Transparency group backs verification of US$460m pre-contract bill from Exxon subsidiary

Transparency Institute Guyana Incorporated (TIGI) has added its voice to calls for government to provide evidence that a US$450 million claim in pre-contract costs by ExxonMobil’s subsidiary and its two partners is accurate.

“We would like to be sure that evidence was provided to substantiate the claim made. That is the main question to be answered,” TIGI President Dr. Troy Thomas told Stabroek News yesterday.

Thomas was providing an invited comment in response to a claim by chartered accountant and business analyst, Christopher Ram that the cost is overstated by at least US$92m.

Thomas added that while he is not an accountant he is happy that persons are paying attention to this issue and congratulated Ram on having taken the time to conduct the analysis. According to Thomas while the US$18 million signing bonus remains an area of concern this alleged US$92 million miscalculation makes the bonus seem “paltry” in comparison.

In his oil and gas column in the May 18 edition of Stabroek News, Ram analysed the financial statements which have been lodged by ExxonMobil’s subsidiary, Esso Exploration and Production Guyana Limited (EEPGL), CNOOC/Nexen and Hess and said they and the government must now justify the US$460m figure. 

The US$460m in pre-contract costs pertains to the period from 1999 leading up to December 31, 2015 but the analysis of the figure had been held up as Hess only recently filed its financials here.

 Ram’s computation of the three figures supplied by the companies shows that even allowing for all expenses and expenditure, the total falls well short of the US$460,237,918 claimed by them.  (The full column is available at: https://www.stabroeknews.com/2018/features/the-road-to-first-oil/05/18/pre-contract-cost-numbers-do-not-add-up/)

He said that his computations show that the claim of US$460 million is overstated by approximately US$92 million.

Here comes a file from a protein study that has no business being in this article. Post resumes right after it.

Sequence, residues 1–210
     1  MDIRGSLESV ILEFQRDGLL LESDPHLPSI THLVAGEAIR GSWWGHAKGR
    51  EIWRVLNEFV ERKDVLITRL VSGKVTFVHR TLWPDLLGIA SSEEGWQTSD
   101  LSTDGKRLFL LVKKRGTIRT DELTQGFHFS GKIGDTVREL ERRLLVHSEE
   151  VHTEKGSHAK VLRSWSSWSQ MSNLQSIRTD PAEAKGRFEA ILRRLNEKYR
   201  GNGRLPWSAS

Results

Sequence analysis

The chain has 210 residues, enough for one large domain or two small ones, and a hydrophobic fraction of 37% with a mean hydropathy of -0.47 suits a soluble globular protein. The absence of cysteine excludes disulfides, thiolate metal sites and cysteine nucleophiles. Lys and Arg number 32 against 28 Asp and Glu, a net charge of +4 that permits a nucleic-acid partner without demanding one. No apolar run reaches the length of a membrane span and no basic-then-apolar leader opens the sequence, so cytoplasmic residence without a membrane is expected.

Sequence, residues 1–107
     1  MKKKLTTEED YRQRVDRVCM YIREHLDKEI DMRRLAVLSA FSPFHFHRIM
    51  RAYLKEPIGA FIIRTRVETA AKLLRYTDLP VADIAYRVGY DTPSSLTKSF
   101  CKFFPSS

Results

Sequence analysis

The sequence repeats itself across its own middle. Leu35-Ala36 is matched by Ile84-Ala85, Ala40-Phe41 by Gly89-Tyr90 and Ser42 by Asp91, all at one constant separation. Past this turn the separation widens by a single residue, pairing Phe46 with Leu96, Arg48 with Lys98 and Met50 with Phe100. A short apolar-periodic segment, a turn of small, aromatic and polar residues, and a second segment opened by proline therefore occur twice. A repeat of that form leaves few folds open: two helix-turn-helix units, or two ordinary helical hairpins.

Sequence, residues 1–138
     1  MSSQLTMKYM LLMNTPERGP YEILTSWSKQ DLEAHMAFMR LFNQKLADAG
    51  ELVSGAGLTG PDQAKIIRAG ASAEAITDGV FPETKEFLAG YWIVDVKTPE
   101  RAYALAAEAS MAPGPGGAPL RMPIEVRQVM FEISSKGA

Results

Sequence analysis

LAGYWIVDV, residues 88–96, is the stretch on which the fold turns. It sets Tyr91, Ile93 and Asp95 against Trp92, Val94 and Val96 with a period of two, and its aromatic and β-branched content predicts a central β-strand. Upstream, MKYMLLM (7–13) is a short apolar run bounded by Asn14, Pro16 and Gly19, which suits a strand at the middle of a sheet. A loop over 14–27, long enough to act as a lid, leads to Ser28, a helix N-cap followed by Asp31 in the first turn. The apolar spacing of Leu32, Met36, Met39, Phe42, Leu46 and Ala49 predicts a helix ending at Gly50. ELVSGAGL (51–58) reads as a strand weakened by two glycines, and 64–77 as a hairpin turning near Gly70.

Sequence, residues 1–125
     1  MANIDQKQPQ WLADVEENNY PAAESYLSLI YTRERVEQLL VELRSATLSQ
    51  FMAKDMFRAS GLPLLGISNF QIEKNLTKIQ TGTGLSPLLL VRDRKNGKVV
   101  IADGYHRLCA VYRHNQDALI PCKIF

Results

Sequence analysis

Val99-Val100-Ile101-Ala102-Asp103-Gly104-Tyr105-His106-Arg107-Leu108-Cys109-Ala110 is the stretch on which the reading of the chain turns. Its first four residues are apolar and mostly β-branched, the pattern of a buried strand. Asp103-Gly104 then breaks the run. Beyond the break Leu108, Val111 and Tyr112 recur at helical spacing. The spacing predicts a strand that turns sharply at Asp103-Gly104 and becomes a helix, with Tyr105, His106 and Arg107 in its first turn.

“I say at least because not all expenditure is recoverable as pre-contract costs. For example, Esso had close to US$5 million in current assets, mainly in inventory, which will be expensed as they are placed into use and consumed. Only at that point should they be expensed as contract cost. Therefore the amount should not be included as pre-contract cost,” Ram stated. 

He further argued that “unless Esso, Hess and CNOOC/Nexen can come up with answers and explanations to what appears to be a very significant difference between the amount claimed and what the financial statements at a gross level reveal, they will encourage suspicion of grave impropriety in overstating their claim. It is clearly in their joint and several interest that they provide full, complete and credible explanations supported by authentic documentation capable of withstanding a rigorous audit and that they agree voluntarily to submit themselves to such an audit.”

He levelled several questions at the government including  a request of whether the US$460,237,918 set out in Annex C was supported by detailed statements by each of the three companies, whether any verification exercise was done of the pre-contract expenses figures and information provided; If so, by whom and whether the Audit Office was asked to verify the figure.

Additionally, Ram has asked who checked to verify that the sum claimed was consistent with the rest of Annex C, in terms of categories, allowed and not allowed.

Stabroek News reached out to Minister of Natural Resource Raphael Trotman yesterday for a response and was referred to previous statements he has made on the issue.

“I have said all I intend to say on pre-contract costs. Please check with GGMC on these matters,” Trotman said.

The Minister has previously said that he has no basis for recommending an audit of the pre-contract cost.

“You don’t do an audit just because somebody says do an audit or you find yourself every month auditing… It is not a bad exercise, but I can assure you, I have no basis for recommending an audit,” he told Stabroek News in an interview in April.

He added that if an agency independent of the GGMC or the Ministry of Natural Resources such as the Guyana Revenue Authority or the Auditor General’s Department were to conduct such an audit government would not stand in their way.

According to Trotman it could even serve as practice so that the agencies could become familiar with the industry.

“It is a good exercise (the US$460M audit) if we are first to look at how did we go through our cost recovery… Not from a point of view of suspicion but gaining experience of how in the future we can improve our sector in terms of cost management. We work in conjunction with the GRA and both agencies could deal with strengthening their capabilities. This could be a place where we want to go and do some exercises on,” he said at the time.

Trotman had also expressed confidence in feedback received from the Guyana Geology and Mines Commission (GGMC) on the US$460M that it was not excessive and is in keeping within the estimated margins of the company’s proposed scope of works over the 17 years of exploratory and  seismic works.

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